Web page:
Until now the production of 360 video (particularly post-production), has been a complex and arduous task that demanded a lot of specialised equipment, software and know-how to be able to produce a quality final product. This started to change this year thanks to Samsung’s redesigned Gear 360 camera and software (which does most of the hard work for you), Adobe’s integration of 360 video editing directly into Premiere Pro CC and now the GoPro Fusion.
Although there’s already a number of consumer-focused 360 cameras on the market, the GoPro Fusion is a step above.
Why? Basically, it seamlessly fits within the existing GoPro infrastructure including mounts, gimbals, grips and software – instant appeal for those already operating within the GoPro world.
The camera boasts two lenses, gyroscopic image stabilisation (negating the need for a gimbal), GPS, accelerometer and a built-in compass. The results are incredibly smooth, and with the added benefit of being waterproof (up to a depth of 26’/5m) it continues GoPro’s ‘action cam’ legacy.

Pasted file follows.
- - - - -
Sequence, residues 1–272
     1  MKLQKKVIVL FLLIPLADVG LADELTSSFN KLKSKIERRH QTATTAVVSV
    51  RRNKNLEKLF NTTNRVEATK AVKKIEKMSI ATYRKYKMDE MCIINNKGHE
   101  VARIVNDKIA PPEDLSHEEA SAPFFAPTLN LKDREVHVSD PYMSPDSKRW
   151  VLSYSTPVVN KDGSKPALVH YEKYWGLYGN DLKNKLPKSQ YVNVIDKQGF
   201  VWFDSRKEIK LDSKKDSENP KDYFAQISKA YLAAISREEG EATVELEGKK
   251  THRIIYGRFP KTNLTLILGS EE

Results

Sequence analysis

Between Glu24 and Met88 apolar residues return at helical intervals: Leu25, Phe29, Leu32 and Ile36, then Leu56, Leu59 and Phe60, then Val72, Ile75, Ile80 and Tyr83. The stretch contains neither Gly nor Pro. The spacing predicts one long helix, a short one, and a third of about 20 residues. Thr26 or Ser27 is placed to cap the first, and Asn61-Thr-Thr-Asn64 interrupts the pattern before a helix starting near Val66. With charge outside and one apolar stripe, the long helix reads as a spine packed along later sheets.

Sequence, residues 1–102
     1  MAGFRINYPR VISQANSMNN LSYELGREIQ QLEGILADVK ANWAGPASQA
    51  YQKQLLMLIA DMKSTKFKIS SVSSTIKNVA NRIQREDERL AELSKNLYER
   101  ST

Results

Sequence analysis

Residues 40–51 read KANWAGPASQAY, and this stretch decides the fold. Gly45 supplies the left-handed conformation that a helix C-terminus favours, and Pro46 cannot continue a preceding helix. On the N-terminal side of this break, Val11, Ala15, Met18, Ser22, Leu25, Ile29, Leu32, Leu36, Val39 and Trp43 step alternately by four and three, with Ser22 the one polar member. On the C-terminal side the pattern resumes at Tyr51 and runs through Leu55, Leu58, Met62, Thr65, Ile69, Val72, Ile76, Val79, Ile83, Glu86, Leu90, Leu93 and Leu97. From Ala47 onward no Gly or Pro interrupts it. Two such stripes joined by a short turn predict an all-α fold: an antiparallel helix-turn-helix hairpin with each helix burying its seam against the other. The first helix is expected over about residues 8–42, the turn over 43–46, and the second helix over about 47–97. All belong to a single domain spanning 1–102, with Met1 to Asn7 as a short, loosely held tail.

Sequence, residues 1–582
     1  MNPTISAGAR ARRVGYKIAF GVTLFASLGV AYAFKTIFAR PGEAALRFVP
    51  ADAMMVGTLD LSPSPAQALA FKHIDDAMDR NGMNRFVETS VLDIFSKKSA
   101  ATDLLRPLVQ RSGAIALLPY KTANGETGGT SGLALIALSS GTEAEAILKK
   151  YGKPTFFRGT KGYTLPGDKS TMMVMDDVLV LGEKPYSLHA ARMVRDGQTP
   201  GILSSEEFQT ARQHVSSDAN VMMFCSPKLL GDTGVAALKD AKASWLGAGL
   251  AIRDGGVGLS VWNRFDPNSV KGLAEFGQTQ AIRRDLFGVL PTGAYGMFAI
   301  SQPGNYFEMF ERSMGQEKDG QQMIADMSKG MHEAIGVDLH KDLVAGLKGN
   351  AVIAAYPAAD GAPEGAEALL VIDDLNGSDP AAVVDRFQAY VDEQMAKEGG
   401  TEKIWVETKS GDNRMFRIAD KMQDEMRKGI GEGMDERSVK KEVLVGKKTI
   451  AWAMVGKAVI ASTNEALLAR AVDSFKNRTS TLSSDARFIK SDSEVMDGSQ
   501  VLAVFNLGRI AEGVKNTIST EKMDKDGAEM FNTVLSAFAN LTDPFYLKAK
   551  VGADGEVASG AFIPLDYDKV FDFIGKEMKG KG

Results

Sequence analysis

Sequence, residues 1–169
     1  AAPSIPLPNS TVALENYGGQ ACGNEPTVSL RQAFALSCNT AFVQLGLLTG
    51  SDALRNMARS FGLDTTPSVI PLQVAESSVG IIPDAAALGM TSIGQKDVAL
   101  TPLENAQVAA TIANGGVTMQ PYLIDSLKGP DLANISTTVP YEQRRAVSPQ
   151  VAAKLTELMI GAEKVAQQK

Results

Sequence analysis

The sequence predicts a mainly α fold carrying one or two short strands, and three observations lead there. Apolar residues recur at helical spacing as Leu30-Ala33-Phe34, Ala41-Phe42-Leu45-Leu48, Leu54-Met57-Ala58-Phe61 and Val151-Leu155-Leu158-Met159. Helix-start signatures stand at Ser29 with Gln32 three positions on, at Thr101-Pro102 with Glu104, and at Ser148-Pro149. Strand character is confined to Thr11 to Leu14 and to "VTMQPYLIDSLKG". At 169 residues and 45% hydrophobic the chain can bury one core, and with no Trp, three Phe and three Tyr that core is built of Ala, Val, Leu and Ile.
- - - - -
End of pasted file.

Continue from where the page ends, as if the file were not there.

One of the most interesting features, however, is what GoPro has dubbed ‘OverCapture’ – a term used for all of the footage captured by the camera that is ‘behind you’ when you are navigating around a 360 video.
The idea is to be able to shoot everything in 360, then choose your angles in post-production – meaning you’ll never have to frame a shot ever again! The result is a 1080 video with extremely slick transitions, visually stunning effects (such as the ‘tiny-planet’ look) and far more flexibility than a single-lens camera will ever offer.
Although the capture of 1080 isn’t a new concept, it’s interesting to see GoPro featuring this and creating software geared towards using the potential of that ‘unused’ footage. The program geared towards this is called Fusion Studio and allows you to create some unique effects that haven’t been possible in the past, as well as being able to colour grade and seamlessly (360 video pun intended) flick your footage through to Premiere and After Effects.
What does this mean for brands and filmmakers?
The biggest impact will be the almost certain influx of people stepping into the 360 video space and, like any new tech, this present the opportunity to get in on the ground floor with creative productions.